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Sri Lanka's Genocidal War - '95 to '01
say the 3,000 shelters in Jaffna refugee camps urgently need repairs. Poor
sanitary conditions in camps are causing concern. The government is reviewing
the situation and the 116,000 families on dry rations may be reduced by 50%.
According to proposals, families earning over Rs 750 ($9) and those with
relatives abroad may not be entitled to food aid from 2001.
Director of Jaffna Hospital Dr Mrs Kanagaratnam told ICRC that a serious consequence of the military situation is the dearth of specialists in certain fields of medicine - orthopedics, neuro surgery, cardiac surgery, rheumatology. The lack of advanced technology in medical investigations, diagnosis and treatment such as radio therapy for cancer patients, laser and echo treatment and thyroid assay is another problem the hospitals face...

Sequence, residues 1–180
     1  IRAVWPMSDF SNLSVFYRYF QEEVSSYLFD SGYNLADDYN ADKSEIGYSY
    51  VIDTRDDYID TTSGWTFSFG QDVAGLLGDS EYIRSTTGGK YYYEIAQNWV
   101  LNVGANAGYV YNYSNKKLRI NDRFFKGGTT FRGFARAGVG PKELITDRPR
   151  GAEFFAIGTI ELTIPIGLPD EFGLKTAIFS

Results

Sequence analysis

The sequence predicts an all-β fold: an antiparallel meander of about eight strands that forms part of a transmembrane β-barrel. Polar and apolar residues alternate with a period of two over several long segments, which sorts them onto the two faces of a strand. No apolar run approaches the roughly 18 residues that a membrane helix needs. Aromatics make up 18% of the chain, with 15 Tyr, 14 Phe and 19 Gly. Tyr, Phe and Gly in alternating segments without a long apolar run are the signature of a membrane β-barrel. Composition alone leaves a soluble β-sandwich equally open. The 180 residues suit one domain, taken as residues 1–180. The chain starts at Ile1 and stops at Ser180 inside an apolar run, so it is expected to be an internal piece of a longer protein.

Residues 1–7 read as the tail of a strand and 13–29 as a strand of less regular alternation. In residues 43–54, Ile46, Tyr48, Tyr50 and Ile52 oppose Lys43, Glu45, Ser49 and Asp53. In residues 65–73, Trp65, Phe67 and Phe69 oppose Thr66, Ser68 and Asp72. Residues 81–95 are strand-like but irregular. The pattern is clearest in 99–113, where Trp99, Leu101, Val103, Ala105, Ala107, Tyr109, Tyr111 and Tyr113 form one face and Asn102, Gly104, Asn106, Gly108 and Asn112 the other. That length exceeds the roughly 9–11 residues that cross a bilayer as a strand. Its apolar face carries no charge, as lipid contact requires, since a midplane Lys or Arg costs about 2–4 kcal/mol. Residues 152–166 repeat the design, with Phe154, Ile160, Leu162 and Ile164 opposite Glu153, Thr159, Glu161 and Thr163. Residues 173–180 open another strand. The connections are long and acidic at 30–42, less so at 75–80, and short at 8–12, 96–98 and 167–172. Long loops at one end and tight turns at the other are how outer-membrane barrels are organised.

In December, the European Union drew attention to the extreme social, moral and physical precariousness of the people of the north-east and urged the government to do everything within its powers to improve their lot, particularly through better access to humanitarian aid and improved freedom of movement.
Kilinochchi and Mullaitivu districts Health Department officers say 80 different kinds of medicines and materials needed in hospitals have not been received in the Vanni since February. These include wound dressing, antiseptics and preventive injections.
There is only one doctor in the Out Patients Department in Mullaitivu hospital. Over 1,000 patients visit the department daily for treatment. Over 13,600 people were treated in November in Mallavi hospital. The Kilinochchi hospital treated over 19,500, including 3,000 for malaria and diarrhea. Seven children were treated for severe malnutrition.
Seven lorry loads of food reached the Vanni through Pramanalankulam in late December. According to Vavuniya Government Agent K Ganesh 1,041 lorryloads of food was sent to the Vanni in 2000. Observers say the region needs several times that amount...
Further west, 10,000 refugees in camps around the Madhu Church, are unable to return to home areas. Some displaced farmers continue to cultivate their lands. Reports say farmers in LTTE-controlled areas in northern Mannar are unable to market rice produced because of restrictions imposed by the Army..." (British Refugee Council, Sri Lanka Monitor, December 2000)